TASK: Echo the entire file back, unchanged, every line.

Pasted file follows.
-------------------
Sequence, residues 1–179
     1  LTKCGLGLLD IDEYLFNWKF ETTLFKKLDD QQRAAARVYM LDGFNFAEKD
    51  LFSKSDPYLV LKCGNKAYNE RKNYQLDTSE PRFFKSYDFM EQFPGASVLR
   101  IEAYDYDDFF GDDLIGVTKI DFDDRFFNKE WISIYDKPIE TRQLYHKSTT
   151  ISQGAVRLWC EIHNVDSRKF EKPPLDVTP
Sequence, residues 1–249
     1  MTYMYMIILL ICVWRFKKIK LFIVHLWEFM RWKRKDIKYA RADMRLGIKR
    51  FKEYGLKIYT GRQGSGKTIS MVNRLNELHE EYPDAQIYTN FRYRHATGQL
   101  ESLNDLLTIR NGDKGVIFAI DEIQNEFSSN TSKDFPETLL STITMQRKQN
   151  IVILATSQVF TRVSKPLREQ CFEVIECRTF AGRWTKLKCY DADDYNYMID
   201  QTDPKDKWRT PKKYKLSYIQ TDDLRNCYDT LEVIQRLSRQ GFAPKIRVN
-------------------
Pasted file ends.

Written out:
Sequence, residues 1–179
     1  LTKCGLGLLD IDEYLFNWKF ETTLFKKLDD QQRAAARVYM LDGFNFAEKD
    51  LFSKSDPYLV LKCGNKAYNE RKNYQLDTSE PRFFKSYDFM EQFPGASVLR
   101  IEAYDYDDFF GDDLIGVTKI DFDDRFFNKE WISIYDKPIE TRQLYHKSTT
   151  ISQGAVRLWC EIHNVDSRKF EKPPLDVTP
Sequence, residues 1–249
     1  MTYMYMIILL ICVWRFKKIK LFIVHLWEFM RWKRKDIKYA RADMRLGIKR
    51  FKEYGLKIYT GRQGSGKTIS MVNRLNELHE EYPDAQIYTN FRYRHATGQL
   101  ESLNDLLTIR NGDKGVIFAI DEIQNEFSSN TSKDFPETLL STITMQRKQN
   151  IVILATSQVF TRVSKPLREQ CFEVIECRTF AGRWTKLKCY DADDYNYMID
   201  QTDPKDKWRT PKKYKLSYIQ TDDLRNCYDT LEVIQRLSRQ GFAPKIRVN